Lucky but also Unlucky - Tropical Fish Keeping - Aquarium fish care and resources
 
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post #1 of 4 Old 05-25-2010, 05:00 PM Thread Starter
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Lucky but also Unlucky

It seems all the plants in my 12g do amazing but as soon as I put a plant into my 2.4 the plant dies. I treat both with tetra plantamin and the temps are 80 degrees. I recently put a fountain plant from my 12g that was doing fantastic, into my 2.4, I love this plant and today I have noticed that some leaves have turned from a vivid green to a dull brown. The only thing I can think of is that I only put a light into the smaller tank last night but I also thought the greener the plant the less light it needs. Is there a way I can salvage these plants? they arent totally dead just certain leaves are slightly discoloured

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Leah

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post #2 of 4 Old 05-26-2010, 03:11 PM
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In an aquarium the effect of relatively minor changes can often be significant because you are working in a relatively (compared to nature) small closed system. Changing the type of light can cause some plants to react either negatively or positively.

I would leave the plant, ensure it has good light (which you now appear to have done) and receives nutrients (your ferts), and it will likely rebound. Remove brown leaves, they will not recover. If new growth is evident, the plant will; if this is the common Fountain Plant, Ophiopogon japonicus, it is quite hardy. This even though it is not a true aquatic plant but one that usually adapts well submersed.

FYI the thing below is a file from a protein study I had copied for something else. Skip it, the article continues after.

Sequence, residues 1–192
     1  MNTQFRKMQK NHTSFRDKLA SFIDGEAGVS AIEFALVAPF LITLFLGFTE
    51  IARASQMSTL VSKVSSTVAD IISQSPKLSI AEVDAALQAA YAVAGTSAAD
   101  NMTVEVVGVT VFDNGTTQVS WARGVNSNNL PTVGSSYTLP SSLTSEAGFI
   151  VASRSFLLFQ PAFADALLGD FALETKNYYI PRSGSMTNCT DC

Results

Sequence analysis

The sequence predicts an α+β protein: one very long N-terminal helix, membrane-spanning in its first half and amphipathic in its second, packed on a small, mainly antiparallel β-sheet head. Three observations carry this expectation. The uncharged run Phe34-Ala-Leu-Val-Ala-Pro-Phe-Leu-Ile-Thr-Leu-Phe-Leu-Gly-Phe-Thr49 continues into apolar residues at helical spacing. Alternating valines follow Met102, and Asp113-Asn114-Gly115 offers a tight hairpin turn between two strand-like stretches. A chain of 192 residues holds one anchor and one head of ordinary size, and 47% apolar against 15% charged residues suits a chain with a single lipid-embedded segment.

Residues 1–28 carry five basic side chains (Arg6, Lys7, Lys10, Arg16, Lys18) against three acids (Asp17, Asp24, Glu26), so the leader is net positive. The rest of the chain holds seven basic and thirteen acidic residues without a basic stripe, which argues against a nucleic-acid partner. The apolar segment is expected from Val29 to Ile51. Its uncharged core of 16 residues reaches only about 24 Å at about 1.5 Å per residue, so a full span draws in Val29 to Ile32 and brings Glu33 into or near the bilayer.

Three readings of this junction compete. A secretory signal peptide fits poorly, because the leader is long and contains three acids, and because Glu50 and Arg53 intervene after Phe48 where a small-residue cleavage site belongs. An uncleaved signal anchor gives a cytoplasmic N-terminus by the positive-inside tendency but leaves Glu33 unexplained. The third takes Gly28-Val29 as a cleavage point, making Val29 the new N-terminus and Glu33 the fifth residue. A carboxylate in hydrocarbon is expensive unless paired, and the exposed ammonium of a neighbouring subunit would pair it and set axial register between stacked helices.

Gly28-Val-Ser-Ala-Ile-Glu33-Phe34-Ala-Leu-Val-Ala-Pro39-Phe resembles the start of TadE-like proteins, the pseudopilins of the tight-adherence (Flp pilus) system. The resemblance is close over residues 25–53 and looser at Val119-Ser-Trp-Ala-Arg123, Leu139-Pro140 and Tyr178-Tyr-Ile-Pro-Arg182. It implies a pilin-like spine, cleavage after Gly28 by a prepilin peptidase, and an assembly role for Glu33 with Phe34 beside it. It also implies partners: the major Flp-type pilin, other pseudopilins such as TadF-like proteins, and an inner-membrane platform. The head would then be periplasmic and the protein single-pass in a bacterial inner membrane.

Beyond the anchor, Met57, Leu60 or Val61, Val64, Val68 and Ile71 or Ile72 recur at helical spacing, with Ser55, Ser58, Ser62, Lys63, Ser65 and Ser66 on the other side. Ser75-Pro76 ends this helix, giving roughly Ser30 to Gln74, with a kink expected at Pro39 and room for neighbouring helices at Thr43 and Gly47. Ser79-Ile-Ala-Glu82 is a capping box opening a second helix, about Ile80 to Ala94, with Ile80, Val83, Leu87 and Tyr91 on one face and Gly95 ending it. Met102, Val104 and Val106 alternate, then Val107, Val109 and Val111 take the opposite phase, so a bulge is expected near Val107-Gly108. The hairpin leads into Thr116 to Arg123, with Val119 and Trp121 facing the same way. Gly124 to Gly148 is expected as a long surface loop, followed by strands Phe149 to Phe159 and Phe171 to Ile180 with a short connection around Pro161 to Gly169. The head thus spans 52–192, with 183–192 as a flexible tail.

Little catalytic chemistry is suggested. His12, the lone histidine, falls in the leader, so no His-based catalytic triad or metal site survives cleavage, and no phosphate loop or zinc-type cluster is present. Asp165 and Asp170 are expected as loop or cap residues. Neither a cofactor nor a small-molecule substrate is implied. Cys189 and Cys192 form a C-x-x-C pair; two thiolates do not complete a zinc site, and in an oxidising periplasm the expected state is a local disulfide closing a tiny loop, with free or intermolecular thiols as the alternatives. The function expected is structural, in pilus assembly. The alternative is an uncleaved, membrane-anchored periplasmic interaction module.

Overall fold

Byron.

Byron Hosking, BMus, MA
Vancouver, BC, Canada

The aquarist is one who must learn the ways of the biologist, the chemist, and the veterinarian. [unknown source]

Something we all need to remember: The fish you've acquired was quite happy not being owned by you, minding its own business. If you’re going to take it under your wing then you’re responsible for it. Every aspect of its life is under your control, from water quality and temperature to swimming space. [Nathan Hill in PFK]
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post #3 of 4 Old 05-28-2010, 02:34 PM Thread Starter
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Are there any plants that require little to no lighting?

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post #4 of 4 Old 05-29-2010, 10:34 AM
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Quote:
Originally Posted by Welsh View Post
Are there any plants that require little to no lighting?
The designations "low light", "moderate light" and "high light" are somewhat subjective, since most aquarium plants will grow fine in what many would consider "low" light but what I call "normal". There is no guide to this, as tank size, type of light and nutrient availablility (from fish, foods and fertilizers) all affect things too.

Could indicate the light you have and the tank size?

Byron.

Byron Hosking, BMus, MA
Vancouver, BC, Canada

The aquarist is one who must learn the ways of the biologist, the chemist, and the veterinarian. [unknown source]

Something we all need to remember: The fish you've acquired was quite happy not being owned by you, minding its own business. If you’re going to take it under your wing then you’re responsible for it. Every aspect of its life is under your control, from water quality and temperature to swimming space. [Nathan Hill in PFK]
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